aishumurali wrote:
I tried solving this sum .
And i ended up getting:
(x^2 – 25)^2 = x^2 – 10x + 25
(x^2 – 25)^2 = (x-5)^2
I took square root on both sides and then i got this:
(x-5)(x+5) = (x-5)
x + 5 = 1
x = -4
What is wrong in the method?
First, there's a problem when you took the square root of both sides by simply removing the power of 2 from both sides of the equation.
For example, notice that (-3)^2 = (3)^2
If we remove the power of 2 from both sides of the equation, we get -3 = 3, which is incorrect.
In general, if k^2 = j^2, then it could be the case that k = j, or k = -j
So, once we have (x^2 – 25)^2 = (x - 5)^2, we must consider two possibilities: (x^2 – 25) = (x - 5) and (x^2 – 25) = -(x - 5)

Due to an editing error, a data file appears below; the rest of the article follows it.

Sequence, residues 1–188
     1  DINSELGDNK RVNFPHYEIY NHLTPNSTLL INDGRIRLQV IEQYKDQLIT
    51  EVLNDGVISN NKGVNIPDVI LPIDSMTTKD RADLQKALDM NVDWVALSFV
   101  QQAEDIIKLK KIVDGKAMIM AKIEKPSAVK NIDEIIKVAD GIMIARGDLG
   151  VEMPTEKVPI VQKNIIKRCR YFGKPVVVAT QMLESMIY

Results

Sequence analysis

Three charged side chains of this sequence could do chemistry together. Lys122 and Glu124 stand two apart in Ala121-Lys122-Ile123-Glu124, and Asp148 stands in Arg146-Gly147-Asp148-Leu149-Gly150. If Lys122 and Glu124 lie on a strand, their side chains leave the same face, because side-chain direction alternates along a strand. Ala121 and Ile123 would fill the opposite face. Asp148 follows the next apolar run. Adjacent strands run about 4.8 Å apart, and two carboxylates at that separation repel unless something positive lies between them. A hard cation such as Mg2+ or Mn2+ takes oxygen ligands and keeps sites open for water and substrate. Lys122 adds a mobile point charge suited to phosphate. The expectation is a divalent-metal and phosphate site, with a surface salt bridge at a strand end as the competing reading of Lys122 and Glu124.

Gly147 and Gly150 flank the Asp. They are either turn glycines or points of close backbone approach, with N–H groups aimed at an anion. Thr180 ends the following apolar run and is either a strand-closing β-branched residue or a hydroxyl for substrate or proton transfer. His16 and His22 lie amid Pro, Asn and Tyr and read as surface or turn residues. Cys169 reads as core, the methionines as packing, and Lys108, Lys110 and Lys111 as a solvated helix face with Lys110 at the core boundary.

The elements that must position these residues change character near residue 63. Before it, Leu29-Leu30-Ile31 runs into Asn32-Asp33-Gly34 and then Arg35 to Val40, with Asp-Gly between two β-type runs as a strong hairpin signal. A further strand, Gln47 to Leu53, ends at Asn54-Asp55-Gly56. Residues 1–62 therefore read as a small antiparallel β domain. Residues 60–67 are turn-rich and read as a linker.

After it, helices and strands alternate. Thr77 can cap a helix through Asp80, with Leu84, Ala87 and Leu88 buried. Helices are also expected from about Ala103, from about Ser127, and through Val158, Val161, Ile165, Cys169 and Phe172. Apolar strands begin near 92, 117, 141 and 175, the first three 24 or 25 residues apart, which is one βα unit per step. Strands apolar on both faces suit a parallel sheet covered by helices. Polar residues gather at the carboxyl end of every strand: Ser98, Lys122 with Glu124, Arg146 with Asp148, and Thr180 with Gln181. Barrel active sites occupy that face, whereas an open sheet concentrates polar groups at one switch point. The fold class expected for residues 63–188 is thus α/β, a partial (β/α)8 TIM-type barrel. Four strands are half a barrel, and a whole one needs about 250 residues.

Another problem has to do with taking (x-5)(x+5) = (x-5) and dividing both sides of the equation by (x - 5) to get x + 5 = 1
By doing this you may have accidentally divided both sides of an equation by 0.
Notice that x = 5 is a solution to the equation (x-5)(x+5) = (x-5)
Also notice that, when x = 5, (x-5) = 0, so when you divided by (x-5) you are accidentally dividing by 0.
More importantly, this resulted in missing one of the solutions (x = 5)
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Brent Hanneson - founder of Greenlight Test Prep